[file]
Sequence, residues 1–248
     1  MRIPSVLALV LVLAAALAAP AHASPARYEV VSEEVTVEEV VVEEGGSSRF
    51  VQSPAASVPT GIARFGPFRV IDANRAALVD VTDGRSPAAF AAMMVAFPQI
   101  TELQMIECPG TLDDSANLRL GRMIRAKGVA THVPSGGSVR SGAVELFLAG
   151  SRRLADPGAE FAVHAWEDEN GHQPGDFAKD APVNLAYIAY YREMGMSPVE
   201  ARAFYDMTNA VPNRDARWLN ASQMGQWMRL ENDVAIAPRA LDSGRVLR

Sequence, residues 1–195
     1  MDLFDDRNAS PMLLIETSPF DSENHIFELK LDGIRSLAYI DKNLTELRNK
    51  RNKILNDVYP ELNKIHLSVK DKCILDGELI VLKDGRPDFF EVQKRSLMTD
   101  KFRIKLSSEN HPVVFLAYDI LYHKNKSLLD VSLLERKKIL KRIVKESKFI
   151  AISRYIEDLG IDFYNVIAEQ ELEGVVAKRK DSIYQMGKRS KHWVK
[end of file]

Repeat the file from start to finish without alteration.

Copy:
Sequence, residues 1–248
     1  MRIPSVLALV LVLAAALAAP AHASPARYEV VSEEVTVEEV VVEEGGSSRF
    51  VQSPAASVPT GIARFGPFRV IDANRAALVD VTDGRSPAAF AAMMVAFPQI
   101  TELQMIECPG TLDDSANLRL GRMIRAKGVA THVPSGGSVR SGAVELFLAG
   151  SRRLADPGAE FAVHAWEDEN GHQPGDFAKD APVNLAYIAY YREMGMSPVE
   201  ARAFYDMTNA VPNRDARWLN ASQMGQWMRL ENDVAIAPRA LDSGRVLR

Sequence, residues 1–195
     1  MDLFDDRNAS PMLLIETSPF DSENHIFELK LDGIRSLAYI DKNLTELRNK
    51  RNKILNDVYP ELNKIHLSVK DKCILDGELI VLKDGRPDFF EVQKRSLMTD
   101  KFRIKLSSEN HPVVFLAYDI LYHKNKSLLD VSLLERKKIL KRIVKESKFI
   151  AISRYIEDLG IDFYNVIAEQ ELEGVVAKRK DSIYQMGKRS KHWVK